In trying to figure out how to handle retirement, I came across the 8%, 4% rule. There are three main risks to retirees. They are longevity risk, inflation risk and market risk.
The 8%, 4% rule means that you should count on making 8% a year on your investments and you should count on spending 4% a year from your investments. The 8% return is not too difficult, especially if you have some good dividend paying stocks in your portfolio. You can usually count on making 2% extra on dividend paying stocks. It is a good idea if you use stocks that increase their dividends at least at the long term background inflation ration rate of 3%.
To get an idea on what your pensions are worth, say a pension like the CPP, multiply your annual pension amount by 20. CPP is indexed to inflation so the 20 factor is about right. However, if you have a pension that is not indexed to inflation, the factor to use would be 5 or 10.
So, roughly, if you say have saved in an investment or other accounts $1,000,000, you can spend $40,000 and you would hope to make $80,000. The next year you will start with $1,040,000 and can take out $41,600 and expect to earn $83,200. If you are receiving the top CPP amount for 2013 of $ $1,012.50 and you have the in an investment or other accounts of $1,000,000, you can spend $49,806.40 the first year. Your CPP would be worth $1,012.50x 12 x 20 or $ $245,160.00 so you will start with $1,245,160.00 and 4% of this is $49,806.40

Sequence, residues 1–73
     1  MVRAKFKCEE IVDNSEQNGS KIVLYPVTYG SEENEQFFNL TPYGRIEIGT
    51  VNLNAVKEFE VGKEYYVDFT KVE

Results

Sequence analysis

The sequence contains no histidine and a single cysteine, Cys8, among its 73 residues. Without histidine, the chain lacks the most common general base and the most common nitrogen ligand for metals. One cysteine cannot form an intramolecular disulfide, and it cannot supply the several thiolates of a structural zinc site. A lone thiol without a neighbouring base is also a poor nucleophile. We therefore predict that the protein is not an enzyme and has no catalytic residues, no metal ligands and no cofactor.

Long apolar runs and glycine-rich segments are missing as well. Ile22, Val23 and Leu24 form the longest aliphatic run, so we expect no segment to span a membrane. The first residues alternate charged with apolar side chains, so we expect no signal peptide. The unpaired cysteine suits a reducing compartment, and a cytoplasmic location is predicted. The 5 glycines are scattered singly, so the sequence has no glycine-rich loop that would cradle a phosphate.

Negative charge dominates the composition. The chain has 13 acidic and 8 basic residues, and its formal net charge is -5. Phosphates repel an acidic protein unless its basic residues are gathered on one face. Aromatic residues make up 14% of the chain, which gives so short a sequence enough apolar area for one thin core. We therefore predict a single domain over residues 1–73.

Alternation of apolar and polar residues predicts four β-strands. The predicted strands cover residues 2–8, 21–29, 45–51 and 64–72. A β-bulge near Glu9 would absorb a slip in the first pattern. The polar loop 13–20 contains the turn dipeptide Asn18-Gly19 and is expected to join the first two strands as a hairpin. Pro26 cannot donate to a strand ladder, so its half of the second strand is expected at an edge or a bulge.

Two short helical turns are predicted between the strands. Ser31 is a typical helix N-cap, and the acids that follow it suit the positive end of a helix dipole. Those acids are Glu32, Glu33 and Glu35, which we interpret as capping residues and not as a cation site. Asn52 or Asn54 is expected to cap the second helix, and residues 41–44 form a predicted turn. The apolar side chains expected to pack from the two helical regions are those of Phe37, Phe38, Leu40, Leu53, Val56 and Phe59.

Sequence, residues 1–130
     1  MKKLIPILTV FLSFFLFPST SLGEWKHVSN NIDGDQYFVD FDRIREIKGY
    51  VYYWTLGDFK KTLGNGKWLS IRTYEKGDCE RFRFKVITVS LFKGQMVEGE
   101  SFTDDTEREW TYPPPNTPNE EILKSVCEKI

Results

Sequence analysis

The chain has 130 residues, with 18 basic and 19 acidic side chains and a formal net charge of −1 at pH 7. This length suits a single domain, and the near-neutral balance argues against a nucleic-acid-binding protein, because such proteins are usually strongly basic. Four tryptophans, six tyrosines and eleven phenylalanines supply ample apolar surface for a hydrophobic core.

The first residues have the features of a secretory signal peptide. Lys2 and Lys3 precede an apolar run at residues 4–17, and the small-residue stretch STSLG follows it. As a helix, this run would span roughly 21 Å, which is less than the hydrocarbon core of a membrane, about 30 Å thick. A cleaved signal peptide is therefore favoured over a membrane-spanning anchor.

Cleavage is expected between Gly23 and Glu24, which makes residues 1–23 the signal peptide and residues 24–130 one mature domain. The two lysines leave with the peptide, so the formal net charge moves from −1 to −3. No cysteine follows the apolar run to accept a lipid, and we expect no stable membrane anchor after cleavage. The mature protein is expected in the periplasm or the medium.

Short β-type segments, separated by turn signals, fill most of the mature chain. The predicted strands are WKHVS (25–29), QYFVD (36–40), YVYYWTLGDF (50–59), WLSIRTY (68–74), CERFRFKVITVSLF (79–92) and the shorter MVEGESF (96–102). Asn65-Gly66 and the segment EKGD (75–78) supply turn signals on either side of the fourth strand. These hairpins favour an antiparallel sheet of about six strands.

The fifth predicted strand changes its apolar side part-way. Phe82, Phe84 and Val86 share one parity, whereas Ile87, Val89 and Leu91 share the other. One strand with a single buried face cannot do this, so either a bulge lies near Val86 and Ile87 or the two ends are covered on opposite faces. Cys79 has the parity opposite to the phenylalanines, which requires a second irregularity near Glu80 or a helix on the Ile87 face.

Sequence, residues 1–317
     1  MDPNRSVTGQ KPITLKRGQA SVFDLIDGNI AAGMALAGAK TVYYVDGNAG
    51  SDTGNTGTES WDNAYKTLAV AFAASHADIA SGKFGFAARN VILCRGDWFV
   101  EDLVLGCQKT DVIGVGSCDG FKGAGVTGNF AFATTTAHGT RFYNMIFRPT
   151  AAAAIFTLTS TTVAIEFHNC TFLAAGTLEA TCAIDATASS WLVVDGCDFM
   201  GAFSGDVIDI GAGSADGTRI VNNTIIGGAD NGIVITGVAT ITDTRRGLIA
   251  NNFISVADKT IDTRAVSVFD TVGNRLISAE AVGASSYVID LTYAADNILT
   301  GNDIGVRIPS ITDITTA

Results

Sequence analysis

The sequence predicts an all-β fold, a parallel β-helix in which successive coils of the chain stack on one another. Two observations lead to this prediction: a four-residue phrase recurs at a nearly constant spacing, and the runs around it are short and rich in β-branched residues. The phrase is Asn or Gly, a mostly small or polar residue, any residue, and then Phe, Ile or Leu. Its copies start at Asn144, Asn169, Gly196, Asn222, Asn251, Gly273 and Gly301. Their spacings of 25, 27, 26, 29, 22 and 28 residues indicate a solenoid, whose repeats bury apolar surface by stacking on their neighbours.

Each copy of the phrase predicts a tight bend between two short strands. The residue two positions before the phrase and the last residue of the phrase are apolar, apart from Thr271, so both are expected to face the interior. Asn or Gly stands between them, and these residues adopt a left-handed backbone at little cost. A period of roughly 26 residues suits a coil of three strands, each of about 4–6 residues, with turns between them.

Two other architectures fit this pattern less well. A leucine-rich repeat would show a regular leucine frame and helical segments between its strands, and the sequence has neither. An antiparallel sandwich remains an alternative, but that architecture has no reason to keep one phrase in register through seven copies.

No one knows how long he or she will live, so with the 8%, 4% rule, you will have money until you die. Yes, you might leave an estate, but you also might have high expenses the last few years of life. This plan basically plans on 4% increase in income per year to help with inflation. The long term background inflation maybe 3%, but it can vary greatly. There is also the market risk. With the higher than inflation increase per year, you will have some flexibility to decrease the amount you spent each year.
I stopped working and have been living on my dividend income from 1999. I started off using this 8%, 4% rule, but changed my mind after the 2000 stock crash. I now only take out what I earn in dividends each year. In 2000 I was taking out 4% and earning 3% in dividends. I changed this to 3.5% withdrawals and 3.5% dividend income. Currently I am earnings still around 3.5% income and I expect to take out just under 3% this year.
On my other blog I am today writing about High Liner Foods (TSX-HLF, OTC-HLNFF)...continue...
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